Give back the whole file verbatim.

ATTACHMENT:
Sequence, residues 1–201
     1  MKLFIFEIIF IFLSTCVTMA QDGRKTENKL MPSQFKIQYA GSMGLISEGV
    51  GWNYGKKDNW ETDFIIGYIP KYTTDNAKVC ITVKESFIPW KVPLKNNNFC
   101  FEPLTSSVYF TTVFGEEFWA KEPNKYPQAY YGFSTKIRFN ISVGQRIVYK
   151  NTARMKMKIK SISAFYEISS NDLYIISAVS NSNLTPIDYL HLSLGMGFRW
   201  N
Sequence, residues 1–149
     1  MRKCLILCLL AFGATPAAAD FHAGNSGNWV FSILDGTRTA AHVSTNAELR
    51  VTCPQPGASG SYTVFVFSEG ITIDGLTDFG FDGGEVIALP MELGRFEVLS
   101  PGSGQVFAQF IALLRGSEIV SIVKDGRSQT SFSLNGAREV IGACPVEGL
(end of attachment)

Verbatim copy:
Sequence, residues 1–201
     1  MKLFIFEIIF IFLSTCVTMA QDGRKTENKL MPSQFKIQYA GSMGLISEGV
    51  GWNYGKKDNW ETDFIIGYIP KYTTDNAKVC ITVKESFIPW KVPLKNNNFC
   101  FEPLTSSVYF TTVFGEEFWA KEPNKYPQAY YGFSTKIRFN ISVGQRIVYK
   151  NTARMKMKIK SISAFYEISS NDLYIISAVS NSNLTPIDYL HLSLGMGFRW
   201  N
Sequence, residues 1–149
     1  MRKCLILCLL AFGATPAAAD FHAGNSGNWV FSILDGTRTA AHVSTNAELR
    51  VTCPQPGASG SYTVFVFSEG ITIDGLTDFG FDGGEVIALP MELGRFEVLS
   101  PGSGQVFAQF IALLRGSEIV SIVKDGRSQT SFSLNGAREV IGACPVEGL